Potential Solutions to the Agunah Problem
Orthodox and Conservative rabbis have worked to create solutions within the Jewish framework, including prenuptial agreements and retroactive annulment.
Feinstein, whose opinions on matters of halakhah are of enormous importance today, annulled marriages if he could find a defect in the marriage ceremony, including the presumed non-kosher (translation: non-Sabbath-observing) witnesses involved in weddings performed under Reform or Conservative auspices.
Irwin H. Haut, who was an Orthodox rabbi and practicing attorney in the United States, held that the only viable and complete solution is legislation and called for the Israeli rabbinate to enact such legislation. He envisioned a Jewish decree under which "the refusal of one spouse to participate in get proceedings, after the civil dissolution of their marriage, would result in the retroactive annulment of that marriage." The solution resembles what the Conservative movement uses today.
Conservative rabbis do require a get and the Conservative movement has worked hard to find solutions to the agunah problem and yet remain faithful to tradition. Under the leadership of Rabbi Saul Lieberman, the idea of an appendage to the ketubah (marriage contract) was introduced. Known as the Lieberman Clause, it states that if the marriage ends in a civil divorce and either spouse refuses to participate in the get procedures, the matter will go before a beit din and the parties would be bound by the rabbinical court's decision.
If the recalcitrant party would refuse to go before the beit din or follow its ruling, compensation would be imposed and enforceable by a secular court since it would constitute a breach of contract. This clause is rejected by most Orthodox rabbis as invalid because it is indeterminate and vague, apparently cause for halakhic concern. It was also rejected by the Supreme Court of the United States as unconstitutionally entangling church and state.
Rabbi Eliezer Berkovits, an [Orthodox] leader known for creatively combining halakhah with solutions to modern problems, brought forth a suggestion of annulment of the marriage by the rabbinic authorities, if certain conditions, stipulated in a separate prenuptial agreement, were not met. The husband agrees therein that if the wife seeks a divorce and he does not grant her a get, the marriage will be annulled retroactively.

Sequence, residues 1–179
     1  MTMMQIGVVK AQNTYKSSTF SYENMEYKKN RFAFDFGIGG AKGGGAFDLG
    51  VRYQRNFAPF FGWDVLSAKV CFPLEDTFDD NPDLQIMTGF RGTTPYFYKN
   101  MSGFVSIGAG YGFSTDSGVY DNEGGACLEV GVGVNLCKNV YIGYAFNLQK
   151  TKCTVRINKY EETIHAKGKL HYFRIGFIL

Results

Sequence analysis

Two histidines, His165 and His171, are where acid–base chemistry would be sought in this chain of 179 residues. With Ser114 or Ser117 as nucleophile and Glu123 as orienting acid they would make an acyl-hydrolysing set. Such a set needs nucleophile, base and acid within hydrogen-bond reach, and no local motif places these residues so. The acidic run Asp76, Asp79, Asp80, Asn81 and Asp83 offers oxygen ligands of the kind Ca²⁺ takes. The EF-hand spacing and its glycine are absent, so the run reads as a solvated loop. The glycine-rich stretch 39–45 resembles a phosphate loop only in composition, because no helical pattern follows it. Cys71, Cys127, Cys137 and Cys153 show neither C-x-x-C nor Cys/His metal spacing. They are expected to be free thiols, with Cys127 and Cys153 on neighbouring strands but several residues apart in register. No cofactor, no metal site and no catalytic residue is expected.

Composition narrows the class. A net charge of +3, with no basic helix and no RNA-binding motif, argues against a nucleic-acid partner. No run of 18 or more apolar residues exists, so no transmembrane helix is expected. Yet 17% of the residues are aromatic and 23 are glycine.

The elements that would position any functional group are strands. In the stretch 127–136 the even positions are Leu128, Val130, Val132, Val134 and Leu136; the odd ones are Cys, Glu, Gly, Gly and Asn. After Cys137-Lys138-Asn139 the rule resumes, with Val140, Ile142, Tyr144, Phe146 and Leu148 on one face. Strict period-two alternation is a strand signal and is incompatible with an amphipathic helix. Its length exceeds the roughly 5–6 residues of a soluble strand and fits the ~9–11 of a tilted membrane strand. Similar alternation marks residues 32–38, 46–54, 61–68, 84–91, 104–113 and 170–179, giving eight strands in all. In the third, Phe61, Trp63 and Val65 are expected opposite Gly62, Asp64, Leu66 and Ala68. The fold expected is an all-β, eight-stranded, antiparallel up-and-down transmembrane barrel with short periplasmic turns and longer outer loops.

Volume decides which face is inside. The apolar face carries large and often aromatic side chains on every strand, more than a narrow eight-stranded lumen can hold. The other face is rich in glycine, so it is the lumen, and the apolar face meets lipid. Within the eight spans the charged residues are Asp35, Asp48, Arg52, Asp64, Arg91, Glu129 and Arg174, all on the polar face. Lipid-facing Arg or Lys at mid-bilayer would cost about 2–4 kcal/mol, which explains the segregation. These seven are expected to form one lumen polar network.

Today, the solution used by the Conservative movement is to annul marriages, based on cases in the Talmud. In short, the concept is that all Jewish betrothals are done with the consent of the rabbis, and the annulment consists of the rabbis removing this consent if the recalcitrant husband refuses to grant a get. This differs from Berkovits' solution, in that no additional conditions or agreements need to be signed. Again, Orthodox authorities have criticized this.
The Reform rabbinate as a whole does not require a get in order to perform a marriage for a Jew who has been previously married. A civil divorce is enough. However, many individual Reform rabbis do require it. The Reconstructionist movement does use a get, but in the case of a woman whose husband refuses to give her a get, a Reconstructionist beit din simply gives her a document that states that she is free to remarry anyway. Clearly, this get is not obtained within the parameters of halakhah. (It should also be noted that some Reconstructionist rabbis encourage couples to obtain an Orthodox get to fulfill any halakhic (legal) requirements that may arise in the future, and the Reconstuctionists get to satisfy any number of personal needs.)
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